BMT Societies Issue Recommendations on Posttransplant Maintenance in HL/NHL
The American Society for Blood and Marrow Transplantation (ASBMT), Center for International Blood and Marrow Transplant Research (CIBMTR), and European Society for Blood and Marrow Transplantation (EBMT) have released consensus recommendations on the use of maintenance therapies after autologous transplantation for patients with Hodgkin (HL) or non-Hodgkin lymphoma (NHL).1
Use of maintenance therapy as a therapeutic strategy in posttransplant patients with HL and NHL is increasing in frequency, according to panel member Mehdi Hamadani, MD, of CIBMTR and Medical College of Wisconsin in Milwaukee. This joint panel was tasked with reviewing available data from clinical trials and summarizing evidence about the contemporary use of maintenance therapy in these patients to help guide therapy in a rapidly advancing field.
“Clinical trials evaluating maintenance treatments in lymphoma patients undergoing autologous transplantation cannot keep pace with the speed of drug development; which effectively means, by the time these trials are published the results are no longer applicable to modern patient population[s],” Dr Hamadani told Cancer Therapy Advisor.
For example, the large AETHERA clinical trial of brentuximab vedotin consolidation after autologous transplant in high-risk patients with HL showed that patients derived a disease-free survival benefit from that therapy.2 However, 1 of the main eligibility criteria for that trial was that patients could not have had prior exposure to brentuximab vedotin.
“The problem is that in 2018, brentuximab got approval for frontline therapy in HL and is also now commonly used in second-line therapy,” Dr Hamadani said. “The population that the AETHERA trial used is becoming less relevant in the real world and we have no trial data available on how to handle those patients.”
To issue its recommendations, the panel used the RAND-modified Delphi method, which generates consensus statements where at least 75% of a panel vote in favor of a recommendation. The panel issued 22 consensus recommendations. Several grade A recommendations, indicating good research-based evidence to support the recommendation, are discussed below.
The first consensus statement for HL was use of post-autologous hematopoietic stem cell transplantation (HCT) consolidation/maintenance with brentuximab vedotin for 16 cycles in brentuximab vedotin-naive classic HL with at least 1 or more high-risk features as defined by the AETHERA study.
A second grade A recommendation was rituximab maintenance therapy in patients with mantle cell lymphoma undergoing auto-HCT after first-line therapy. In these patients, a randomized trial has shown improved progression-free and overall survival with this maintenance regimen compared with observation alone.3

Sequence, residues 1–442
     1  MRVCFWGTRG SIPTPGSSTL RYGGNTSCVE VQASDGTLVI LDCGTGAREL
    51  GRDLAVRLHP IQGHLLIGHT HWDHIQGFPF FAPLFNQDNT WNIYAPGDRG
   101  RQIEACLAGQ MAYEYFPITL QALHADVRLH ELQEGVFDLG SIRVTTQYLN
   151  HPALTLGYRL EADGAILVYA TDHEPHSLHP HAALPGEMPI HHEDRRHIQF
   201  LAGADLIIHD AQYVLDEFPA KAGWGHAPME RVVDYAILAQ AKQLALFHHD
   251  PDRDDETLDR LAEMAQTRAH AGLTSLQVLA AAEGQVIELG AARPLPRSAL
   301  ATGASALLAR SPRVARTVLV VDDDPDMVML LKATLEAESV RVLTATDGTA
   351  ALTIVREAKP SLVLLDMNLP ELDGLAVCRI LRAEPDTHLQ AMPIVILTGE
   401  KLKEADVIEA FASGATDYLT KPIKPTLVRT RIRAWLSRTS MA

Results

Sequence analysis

Rituximab maintenance was also recommended in rituximab-naive patients with follicular lymphoma. This recommendation was based primarily on data from the EBMT study,4 which showed that rituximab maintenance after transplant was safe and significantly prolonged progression-free (but not overall) survival.
“However, the panel acknowledges that rituximab-naive status at the time of auto-HCT in patients with FL in the current era would be rare, thus limiting the clinical impact of this statement,” the panelists wrote.
According to Henry Chi Hang Fung, MD, FACP, director of the Fox Chase-Temple University Hospital Bone Marrow Transplant Program in Philadelphia, Pennsylvania, these recommendations do not necessarily offer up any new data, but instead represent the opinion of bone marrow transplant experts.
“These are all based on studies that have already been published, some quite some time ago,” Dr Fung noted. “Because these are from multiple transplant societies, the target audience is definitely transplant doctors, who are highly specialized.”
“It is good to get everyone on the same page with recommendations like these, where there is consensus, and of equal importance are the areas where there is no consensus, like in DLBCL [diffuse large B-cell lymphoma],” Dr Fung said.
Dr Fung was referring to a final grade A consensus statement recommending against post-transplant maintenance therapy in patients with DLBCL.
According to Dr Hamadani, in patients with DLBCL, some clinicians may give maintenance therapy off-label, but there is a lack of evidence base for this.
“Maintenance therapies, even with older drugs like rituximab, are not free from side effects and are expensive,” Dr Hamadani said. “We reviewed all trials looking at rituximab after transplant in DLBCL and the studies were negative. They don’t show any survival benefit.”
Ongoing clinical trials looking at target therapies in DLBCL may change this recommendation in the future, but clinical trial data are not yet mature.